Keywords that Actually Sell Books: Broad vs Niche Keywords

After years of analyzing book shopper behaviors and searching patterns on Amazon through Publisher Rocket, it was found that there are MANY search terms that shoppers type in regularly, but don’t end up making a purchase.  

And if you think about this, this makes sense.  

We’ve all gone to Amazon, made a search, saw that Amazon didn’t present what we were looking for, and so changed the initial search. We keep up this process until we finally find what we are looking for.  

But here’s the thing…after analyzing the data, we found that there is actually a pattern that authors can use in choosing the right keywords.

As it stands with books, many shoppers start with a broad phrase or word to describe the book they are looking for, but will then augment and niche down the search term until they find what they want.  

This is why there are a lot of keywords that have a high number of searches, but doesn’t directly result in sales.

shows that a more specific keyword, even if it has fewer search queries, is still a better keyword
Data Collected Using Publisher Rocket

So, to learn what this means and what actions you should take in order to benefit from this, check out the below article. 

In this article, you will learn:
  1. What are broad and niche terms
  2. The buyer's journey for Amazon book shoppers
  3. How to identify keywords that don’t make sales
  4. Steps to increasing book sales

Broad vs Niche: 

Before we get into the data found and actions to take, let’s first start by explaining what I mean by broad and niche terms: 

Broad Terms: These are usually a word or two that generally describes the book they are looking for but are not very specific like Fantasy book, Self Help, Romance, back to school, etc.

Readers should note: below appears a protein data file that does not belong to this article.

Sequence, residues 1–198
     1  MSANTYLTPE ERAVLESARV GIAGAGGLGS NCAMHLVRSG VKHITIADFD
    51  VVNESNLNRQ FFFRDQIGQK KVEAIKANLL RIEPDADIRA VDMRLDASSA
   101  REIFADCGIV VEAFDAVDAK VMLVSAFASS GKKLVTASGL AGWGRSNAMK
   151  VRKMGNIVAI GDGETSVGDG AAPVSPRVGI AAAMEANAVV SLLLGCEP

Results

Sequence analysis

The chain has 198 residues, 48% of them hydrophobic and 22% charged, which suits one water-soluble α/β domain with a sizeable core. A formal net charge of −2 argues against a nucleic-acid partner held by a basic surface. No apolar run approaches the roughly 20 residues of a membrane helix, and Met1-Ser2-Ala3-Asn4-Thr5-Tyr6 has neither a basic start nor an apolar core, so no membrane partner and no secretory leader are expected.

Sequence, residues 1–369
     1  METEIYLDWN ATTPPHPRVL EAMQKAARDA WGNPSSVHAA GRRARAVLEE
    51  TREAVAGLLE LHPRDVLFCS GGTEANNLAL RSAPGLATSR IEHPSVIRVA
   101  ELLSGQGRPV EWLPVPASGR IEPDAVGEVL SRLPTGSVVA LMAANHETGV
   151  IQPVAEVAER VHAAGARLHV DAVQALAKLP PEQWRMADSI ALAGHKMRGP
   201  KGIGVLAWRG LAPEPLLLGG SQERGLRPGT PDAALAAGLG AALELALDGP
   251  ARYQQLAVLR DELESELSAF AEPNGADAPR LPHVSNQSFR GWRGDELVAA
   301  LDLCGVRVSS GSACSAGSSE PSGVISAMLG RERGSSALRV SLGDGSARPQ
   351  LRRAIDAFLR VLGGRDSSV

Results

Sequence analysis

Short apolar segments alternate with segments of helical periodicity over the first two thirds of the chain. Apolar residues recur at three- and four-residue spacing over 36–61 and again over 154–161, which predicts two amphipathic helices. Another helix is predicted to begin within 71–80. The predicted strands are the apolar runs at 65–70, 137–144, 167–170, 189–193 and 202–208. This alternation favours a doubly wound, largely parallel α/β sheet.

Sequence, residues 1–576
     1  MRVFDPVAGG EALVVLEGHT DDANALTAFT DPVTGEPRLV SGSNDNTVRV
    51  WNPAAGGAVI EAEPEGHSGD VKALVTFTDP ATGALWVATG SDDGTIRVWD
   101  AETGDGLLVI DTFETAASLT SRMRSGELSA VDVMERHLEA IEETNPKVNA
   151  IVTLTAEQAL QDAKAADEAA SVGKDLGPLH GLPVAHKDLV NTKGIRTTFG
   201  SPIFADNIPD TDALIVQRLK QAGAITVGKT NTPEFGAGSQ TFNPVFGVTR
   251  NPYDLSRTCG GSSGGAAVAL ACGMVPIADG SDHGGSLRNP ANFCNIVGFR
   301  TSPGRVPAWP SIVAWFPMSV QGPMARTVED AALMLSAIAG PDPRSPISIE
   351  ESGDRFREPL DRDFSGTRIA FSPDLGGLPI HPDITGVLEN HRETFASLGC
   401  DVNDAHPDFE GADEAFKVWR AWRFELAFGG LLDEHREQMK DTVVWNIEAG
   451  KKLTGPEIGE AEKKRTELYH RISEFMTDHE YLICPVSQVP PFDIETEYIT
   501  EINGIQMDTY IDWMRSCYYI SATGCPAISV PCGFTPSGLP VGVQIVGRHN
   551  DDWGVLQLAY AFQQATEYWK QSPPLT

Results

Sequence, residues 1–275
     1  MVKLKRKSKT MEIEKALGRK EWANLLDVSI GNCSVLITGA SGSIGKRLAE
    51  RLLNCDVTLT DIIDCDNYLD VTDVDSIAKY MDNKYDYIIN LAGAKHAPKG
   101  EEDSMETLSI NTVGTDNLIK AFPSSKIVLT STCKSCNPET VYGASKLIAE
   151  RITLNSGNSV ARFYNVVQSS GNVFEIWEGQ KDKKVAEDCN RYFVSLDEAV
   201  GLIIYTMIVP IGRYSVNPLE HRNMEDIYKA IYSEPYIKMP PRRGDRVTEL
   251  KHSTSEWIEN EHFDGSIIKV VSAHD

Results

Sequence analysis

Niche Terms: These are a highly specific set or group of words (sometimes called long-tail) that describe a book more extensively than a broad term. Examples are things like Victorian second chance romance, Alien earth invasion Sci Fi, Going back to school for my GED 

But what’s most interesting about these two is that, as you’ll see, more people search for Broad terms than Niche terms and yet, niche terms are usually where the sales are made. I’ll explain below.   

The Amazon Book Shopper’s Search Journey

According to Amazon, 66% of all book shoppers start their book buying journey with Amazon’s search bar, with the other 34% coming from clicking links from other websites that point to the product, or shopping via favorite book categories.  But what’s important for us to know is that 89% of all those who use the search bar, end in a purchase.*  

But let’s clarify: the 89% isn’t saying that 89% of all searches end in a purchase.  It’s that 89% of those who start the search on Amazon end up with a sale at some point during that visit. 

In truth, based on data collected by Publisher Rocket, most people start their searches, and over many different searches, finally find the kind of book they are looking for.  

And this leads us into the discussion of broad vs. niche keyword terms.  

What we have found is that most Amazon shoppers don’t know exactly what they are looking for.  So, they start by typing in a broad term.  Then as they look at the results, they augment or add another term to the end of their original search term, and keep doing this until Amazon finally presents them with results that are more in favor of what they are looking for.  

Fiction Example:  

Say you type in “Romance Book.”  After seeing most of the results showing muscular men holding scantily clad women, you may realize that you don’t want steamy books and so you’d add some phrase that tones it down, like wholesome or family.  Then after looking at the results, you then realize that you love prairie home style or cowboy romance. So you type something like “wholesome cowboy romance book”.